In December, Evergrande – the nation’s largest real estate developer — was declared in default.

    Apparently, however, it turns out that Evergrande is not an “isolated case.”

    A Jan. 7 CNBC articles notes:

    Shimao, one of China’s healthiest real estate developers, has reportedly defaulted — a sign of how more pain is ahead for the heavily indebted industry.

    Elliott Wave International’s Global Market Perspective, a monthly publication which provides analysis of 50-plus worldwide financial markets, is not surprised by this development. The October issue noted:

    A plunge in Evergrande’s share price will foreshadow a decline in China’s real estate market.

    The November GMP followed up:

    Last month, GMP cited previous calls for an ever-widening Chinese property decline and stated, “That is happening now.” [emphasis added]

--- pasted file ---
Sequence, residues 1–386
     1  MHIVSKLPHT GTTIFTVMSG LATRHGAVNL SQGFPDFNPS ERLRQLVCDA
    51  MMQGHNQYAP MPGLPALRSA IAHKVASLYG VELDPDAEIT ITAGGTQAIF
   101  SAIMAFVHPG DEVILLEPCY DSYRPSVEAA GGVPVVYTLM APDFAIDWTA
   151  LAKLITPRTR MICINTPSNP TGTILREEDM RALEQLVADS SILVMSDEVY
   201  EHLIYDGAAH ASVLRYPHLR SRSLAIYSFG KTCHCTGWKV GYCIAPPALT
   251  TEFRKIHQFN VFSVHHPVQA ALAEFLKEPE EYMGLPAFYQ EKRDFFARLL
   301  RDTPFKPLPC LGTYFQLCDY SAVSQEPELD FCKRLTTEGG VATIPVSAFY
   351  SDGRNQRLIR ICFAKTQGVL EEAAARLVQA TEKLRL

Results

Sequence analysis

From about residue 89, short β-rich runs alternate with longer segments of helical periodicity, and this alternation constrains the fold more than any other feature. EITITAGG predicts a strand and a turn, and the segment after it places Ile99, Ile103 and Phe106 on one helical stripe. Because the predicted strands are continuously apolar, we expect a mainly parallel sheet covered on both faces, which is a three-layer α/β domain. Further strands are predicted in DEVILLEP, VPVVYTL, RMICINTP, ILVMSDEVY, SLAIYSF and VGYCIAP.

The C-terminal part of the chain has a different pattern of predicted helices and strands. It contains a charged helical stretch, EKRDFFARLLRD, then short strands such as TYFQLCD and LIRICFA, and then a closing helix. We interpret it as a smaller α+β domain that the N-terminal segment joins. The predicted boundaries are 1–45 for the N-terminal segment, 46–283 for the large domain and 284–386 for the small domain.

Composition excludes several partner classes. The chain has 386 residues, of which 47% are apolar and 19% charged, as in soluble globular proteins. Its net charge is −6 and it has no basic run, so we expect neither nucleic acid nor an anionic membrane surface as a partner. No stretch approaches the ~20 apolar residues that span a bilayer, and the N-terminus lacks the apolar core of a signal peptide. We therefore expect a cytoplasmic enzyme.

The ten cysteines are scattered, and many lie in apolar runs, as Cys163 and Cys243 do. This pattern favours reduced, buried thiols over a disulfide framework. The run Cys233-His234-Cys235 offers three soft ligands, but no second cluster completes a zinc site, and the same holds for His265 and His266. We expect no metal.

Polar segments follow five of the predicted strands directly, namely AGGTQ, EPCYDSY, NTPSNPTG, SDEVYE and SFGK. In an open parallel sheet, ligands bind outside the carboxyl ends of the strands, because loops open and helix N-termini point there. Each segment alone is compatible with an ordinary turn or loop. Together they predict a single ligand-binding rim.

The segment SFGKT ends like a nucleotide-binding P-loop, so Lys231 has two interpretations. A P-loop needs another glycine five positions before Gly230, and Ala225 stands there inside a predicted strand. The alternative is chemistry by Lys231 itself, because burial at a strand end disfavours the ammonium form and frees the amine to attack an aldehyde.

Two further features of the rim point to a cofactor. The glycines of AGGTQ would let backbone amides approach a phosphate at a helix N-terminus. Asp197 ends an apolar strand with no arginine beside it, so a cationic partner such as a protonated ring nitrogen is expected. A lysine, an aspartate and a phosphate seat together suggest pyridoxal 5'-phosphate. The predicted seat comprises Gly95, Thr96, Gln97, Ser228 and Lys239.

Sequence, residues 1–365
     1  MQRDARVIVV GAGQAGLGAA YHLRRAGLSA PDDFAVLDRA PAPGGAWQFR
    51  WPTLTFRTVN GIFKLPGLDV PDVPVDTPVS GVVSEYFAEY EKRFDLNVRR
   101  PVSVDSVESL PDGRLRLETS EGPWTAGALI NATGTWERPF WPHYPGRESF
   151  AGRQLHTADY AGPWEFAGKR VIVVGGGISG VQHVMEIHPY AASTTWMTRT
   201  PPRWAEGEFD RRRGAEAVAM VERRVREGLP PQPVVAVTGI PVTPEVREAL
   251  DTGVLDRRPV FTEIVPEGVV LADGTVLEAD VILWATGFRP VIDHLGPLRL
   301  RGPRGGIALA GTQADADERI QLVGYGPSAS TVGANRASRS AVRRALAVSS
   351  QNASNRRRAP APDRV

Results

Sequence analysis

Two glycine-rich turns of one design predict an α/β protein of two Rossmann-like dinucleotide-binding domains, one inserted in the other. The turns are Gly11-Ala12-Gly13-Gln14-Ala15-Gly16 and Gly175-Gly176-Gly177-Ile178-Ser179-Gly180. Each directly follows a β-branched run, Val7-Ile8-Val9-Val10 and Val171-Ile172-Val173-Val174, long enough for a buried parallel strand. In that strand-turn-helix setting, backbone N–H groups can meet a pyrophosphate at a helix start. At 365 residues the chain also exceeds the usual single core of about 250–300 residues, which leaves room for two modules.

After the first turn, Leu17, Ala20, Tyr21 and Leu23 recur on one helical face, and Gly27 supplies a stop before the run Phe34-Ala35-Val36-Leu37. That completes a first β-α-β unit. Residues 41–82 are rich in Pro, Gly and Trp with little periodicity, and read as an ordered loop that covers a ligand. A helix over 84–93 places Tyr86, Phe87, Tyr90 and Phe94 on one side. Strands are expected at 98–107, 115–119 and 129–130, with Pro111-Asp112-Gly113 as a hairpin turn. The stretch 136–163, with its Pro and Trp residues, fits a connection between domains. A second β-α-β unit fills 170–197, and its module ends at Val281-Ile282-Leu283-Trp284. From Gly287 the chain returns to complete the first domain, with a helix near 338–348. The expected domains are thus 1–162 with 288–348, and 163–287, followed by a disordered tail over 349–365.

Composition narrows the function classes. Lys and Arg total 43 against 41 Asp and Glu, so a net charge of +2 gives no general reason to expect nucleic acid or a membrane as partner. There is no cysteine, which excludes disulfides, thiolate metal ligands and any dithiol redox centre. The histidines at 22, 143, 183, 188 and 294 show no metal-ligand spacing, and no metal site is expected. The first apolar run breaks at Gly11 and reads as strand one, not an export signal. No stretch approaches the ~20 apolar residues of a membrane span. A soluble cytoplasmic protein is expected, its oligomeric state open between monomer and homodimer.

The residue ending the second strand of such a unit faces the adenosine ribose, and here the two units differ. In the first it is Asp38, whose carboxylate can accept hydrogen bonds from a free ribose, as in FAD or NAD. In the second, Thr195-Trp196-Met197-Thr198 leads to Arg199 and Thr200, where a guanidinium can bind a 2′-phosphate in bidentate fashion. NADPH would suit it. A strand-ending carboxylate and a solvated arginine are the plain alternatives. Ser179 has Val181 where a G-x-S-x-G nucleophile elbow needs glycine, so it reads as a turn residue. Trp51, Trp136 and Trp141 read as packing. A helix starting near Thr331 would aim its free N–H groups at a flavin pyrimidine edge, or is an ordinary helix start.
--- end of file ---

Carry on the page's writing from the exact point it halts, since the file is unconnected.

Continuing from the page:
Clearly, the crisis ranges far beyond China Evergrande.

    And, here’s another noteworthy comment from the GMP – this one is from the December issue:

    Despite the recent deterioration in China’s real estate market, belief in the Chinese government’s capacity to manage the crisis continues to run high. This is true even as it turns further away from capitalism and further toward communism. As GMP noted in October, China’s government recently revealed its willingness to micromanage every aspect of the economy in the name of “Common Prosperity.” The slogan comes directly from the original communist party chairman Mao Zedong, who introduced it in 1953. It didn’t work out so well the first time as China saw no material growth in GDP from 1958 to 1975. The irony of its reintroduction should prove even more profound this time.